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Distributor Adjustment Knob

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Old Apr 23rd, 2017, 10:09   #1
edworcs
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Default Distributor Adjustment Knob

I need a little more advance on the timing, so I went to rotate the distributor (clockwise) to do this and found that the small "knob" on the side of the distributor is hard up against the engine block and so will not allow any further rotation.

I've often looked at this knob and though "I wonder what this does?", so I thought I'd ask the experts. My choices seem to be to "relocate" the distributor so that it no longer hits the block or to remove this small adjustment knob.

Can anyone help with what this does?

I've posted a photo to try to illustrate the knob. This is not a photo of my distributor. It seemed easier to use this photo than to photograph the distributor in place in a less than well lit location. I know that the number does not relate to a "standard" Volvo distributor number!
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Old Apr 23rd, 2017, 10:20   #2
mocambique-amazone
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Oiler is called this knob

turn the cap a little bit, at oil, turn back. Should be used regulary ;-)
Don't remowe it-use it

regards, Kay
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Old Apr 23rd, 2017, 15:03   #3
Ron Kwas
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edworcs;

Kay has answered the question, what it does...to augment, there are many places where a Distributor is supposed to be lubricated (4, 5 and 8 are the really important ones which should be touched up at every Ignition tune-up):

Source: http://www.sw-em.com/dist_lurication.jpg

Further...while I understand the Distributor shown is not yours, it is clear that this Dist has Vacuum Diaphram, I expect yours does not, because if it did, VD would surely hit hit the engine block before Oiler Cup(8), preventing further adjustment. Please confirm this...and after confirming, you may use the following procedure to address your issue, the Root Cause of which is Either:

Engagement of Distributor Drive Gear with Cam has been changed from standard and nominal position , as shown following, to something else (this is not a problem per se, as proven by the fact that engine runs normally, other than this minor issue it causes.)


OR, Ignition Wire location has been changed by one or more stations, resulting in this abnormal position of Dist Housing.

Explanation: Since I am not aware of the level of your abilities and experience, and since you are asking, and not familiar with this and how to sort it, I have to assume a non-expert level (NO insult intended here!), I will keep my explanation and recommendations as basic and highly detailed as possible and geared to an inexperience mechanic. (Unfortunately, this will make it more long and wordy, but that is the best way to help you to understand the steps, thereby assuring success!) While there are multiple ways to sort this, I have written the following procedure, and with the greatest care(!) to be the simplest:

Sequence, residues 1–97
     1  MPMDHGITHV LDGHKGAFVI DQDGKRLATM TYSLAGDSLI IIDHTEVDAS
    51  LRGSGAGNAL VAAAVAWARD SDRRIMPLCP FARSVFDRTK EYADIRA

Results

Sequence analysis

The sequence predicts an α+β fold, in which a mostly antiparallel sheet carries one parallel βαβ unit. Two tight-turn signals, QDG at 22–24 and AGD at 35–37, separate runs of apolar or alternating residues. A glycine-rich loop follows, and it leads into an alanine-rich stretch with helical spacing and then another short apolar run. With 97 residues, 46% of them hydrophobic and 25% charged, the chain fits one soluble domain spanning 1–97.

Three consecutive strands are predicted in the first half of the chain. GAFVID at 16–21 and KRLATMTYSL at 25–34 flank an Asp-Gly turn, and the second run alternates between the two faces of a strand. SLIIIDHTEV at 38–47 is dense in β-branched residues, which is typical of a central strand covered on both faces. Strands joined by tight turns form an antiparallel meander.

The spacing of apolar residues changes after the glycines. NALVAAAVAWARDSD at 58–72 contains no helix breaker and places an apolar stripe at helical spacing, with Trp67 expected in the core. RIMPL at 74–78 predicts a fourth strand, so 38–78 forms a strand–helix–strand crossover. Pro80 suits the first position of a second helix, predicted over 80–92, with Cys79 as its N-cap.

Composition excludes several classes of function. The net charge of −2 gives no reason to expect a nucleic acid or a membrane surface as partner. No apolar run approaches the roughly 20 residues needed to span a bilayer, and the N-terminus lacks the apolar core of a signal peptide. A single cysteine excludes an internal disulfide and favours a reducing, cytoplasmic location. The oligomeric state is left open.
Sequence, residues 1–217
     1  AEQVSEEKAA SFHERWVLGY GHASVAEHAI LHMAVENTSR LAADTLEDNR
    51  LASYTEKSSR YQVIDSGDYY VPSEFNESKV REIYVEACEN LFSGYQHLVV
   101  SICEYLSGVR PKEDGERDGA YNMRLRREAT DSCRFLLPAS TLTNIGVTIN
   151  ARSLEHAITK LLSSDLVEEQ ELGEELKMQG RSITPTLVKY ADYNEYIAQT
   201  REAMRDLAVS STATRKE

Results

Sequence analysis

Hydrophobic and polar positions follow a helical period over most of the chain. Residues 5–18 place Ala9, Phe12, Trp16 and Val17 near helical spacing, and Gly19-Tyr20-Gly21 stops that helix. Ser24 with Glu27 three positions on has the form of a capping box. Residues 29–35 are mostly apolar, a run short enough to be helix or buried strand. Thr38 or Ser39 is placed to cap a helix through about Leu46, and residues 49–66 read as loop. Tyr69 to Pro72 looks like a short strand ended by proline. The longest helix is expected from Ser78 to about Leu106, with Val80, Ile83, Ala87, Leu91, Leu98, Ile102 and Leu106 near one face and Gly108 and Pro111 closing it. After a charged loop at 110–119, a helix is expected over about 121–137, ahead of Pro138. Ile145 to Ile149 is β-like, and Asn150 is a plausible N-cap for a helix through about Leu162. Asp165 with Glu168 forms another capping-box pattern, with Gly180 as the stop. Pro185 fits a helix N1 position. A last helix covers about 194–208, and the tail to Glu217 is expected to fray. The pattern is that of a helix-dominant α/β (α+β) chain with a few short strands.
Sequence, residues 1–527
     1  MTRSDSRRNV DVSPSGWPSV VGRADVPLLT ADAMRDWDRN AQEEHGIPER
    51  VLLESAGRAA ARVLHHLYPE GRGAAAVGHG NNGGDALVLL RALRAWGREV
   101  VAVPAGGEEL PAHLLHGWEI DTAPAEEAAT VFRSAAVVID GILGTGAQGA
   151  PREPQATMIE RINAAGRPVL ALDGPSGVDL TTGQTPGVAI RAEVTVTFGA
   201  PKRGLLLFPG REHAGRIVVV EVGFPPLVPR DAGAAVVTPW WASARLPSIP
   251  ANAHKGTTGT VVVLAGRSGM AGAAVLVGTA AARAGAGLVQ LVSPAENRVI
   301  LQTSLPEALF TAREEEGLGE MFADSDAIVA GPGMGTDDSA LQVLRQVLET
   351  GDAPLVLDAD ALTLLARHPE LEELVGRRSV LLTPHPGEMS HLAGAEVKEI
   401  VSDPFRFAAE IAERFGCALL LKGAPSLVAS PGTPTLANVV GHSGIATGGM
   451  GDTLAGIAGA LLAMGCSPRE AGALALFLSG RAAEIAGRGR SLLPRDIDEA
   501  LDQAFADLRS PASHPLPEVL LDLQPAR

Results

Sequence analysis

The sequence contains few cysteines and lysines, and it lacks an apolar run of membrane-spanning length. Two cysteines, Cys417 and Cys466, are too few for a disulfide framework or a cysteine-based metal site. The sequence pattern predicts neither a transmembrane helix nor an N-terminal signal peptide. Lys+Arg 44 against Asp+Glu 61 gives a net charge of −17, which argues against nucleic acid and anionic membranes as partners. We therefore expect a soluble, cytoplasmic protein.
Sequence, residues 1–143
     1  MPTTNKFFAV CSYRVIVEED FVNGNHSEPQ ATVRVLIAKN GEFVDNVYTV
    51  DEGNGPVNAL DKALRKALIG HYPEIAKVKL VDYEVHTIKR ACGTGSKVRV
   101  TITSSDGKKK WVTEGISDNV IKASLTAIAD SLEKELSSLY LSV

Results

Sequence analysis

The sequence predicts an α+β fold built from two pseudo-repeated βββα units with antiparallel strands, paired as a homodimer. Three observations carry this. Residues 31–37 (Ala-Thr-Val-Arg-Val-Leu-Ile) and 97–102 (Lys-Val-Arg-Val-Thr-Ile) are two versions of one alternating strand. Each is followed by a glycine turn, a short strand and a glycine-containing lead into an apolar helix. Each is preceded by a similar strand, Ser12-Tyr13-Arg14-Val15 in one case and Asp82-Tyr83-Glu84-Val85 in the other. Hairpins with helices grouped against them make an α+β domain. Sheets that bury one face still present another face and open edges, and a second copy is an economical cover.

1. With Battery disconnected, and Ignition OFF, use Fanbelt or wrench at Crankbolt Pulley, to rotate Crankshaft (in the normal direction of rotation) to a desired starting Timing point on Cyl 1 (16 Deg is good). Since Timing marks come around twice per single Dist rotation, remove Dist Cap when you believe you are at 16 Deg BTDC No1, and confirm Rotor is pointing toward station on Cap which has Ign Wire to Cyl 1. [You must confirm Rotor is pointing to Cyl 1 before proceeding...if Rotor points 180 Deg away (to Cyl 4), continue rotating Crankshaft until Timing Marks come around the next time.]

2. Note Clock position of Cyl 1 Ign Wire on Dist Cap, and note that Rotor in Dist Housing is also pointing to this Cyl 1 direction.

3. Loosen Timing locking Nut on Dist Mount Clamp at base of Dist to allow turning Dist Housing.

4. (Everything up to now has been explanation and preliminary, but: Here's is the Beef!) Rotate Dist Housing approximately 90 Deg Counter-ClockWise (or as you might say in England: Anti-Clockwise). This will rotate the Housing and Oiler (or VD if present) which is fouling on the engine block, away and clear.

5. At Dist Cap relocate all four Ignition wires, one station (90 Deg) ClockWise. Starting with Ign Wire for Cyl 1, and one at a time (think musical chairs... four wires, four stations, ClockWise!) Reference info: Rotor rotation is CCW and Firing order is 1,3,4,2.

6. When all wires are back on Dist Cap one station CW from their previous location, replace Cap on Dist Housing and lock into place using 2 Latch Clips. Verify correct Firing order of Ign Wires running to Spark Plugs.

7. Reconnect Battery, Turn Ign ON at Ign Key, and perform Static Timing (Remove Ign wire 1 from Spark Plug, lay on Valve Cover to allow seeing Spark when it occurs, then turning Dist Housing to simulate Rotor Shaft turning (CCW)...first, a few degrees CCW, the slowly CW until an Ign Spark occurs. Repeat this back and forth action a number of times or as many times as necessary, until you get a feeling for the angle at which spark occurs, then STOP turning precisely after spark occurs, rotating no further. Stating Timing is now complete!

8. Reconnect Ign Wire to Spark Plug 1. After assuring engine is clear to run. Start engine. Timing should now be fairly close to 16 Deg BTDC, which may be verified with a timing Strobe. If you checked Timing before with Strobe before and know what it was, you can adjust it in the normal manner (by turning Dist Housing and observing change at Timing marks with Strobe) to what you might want it to be (that was the original issue!), now that Dist Housing is clear and not fouling with engine block..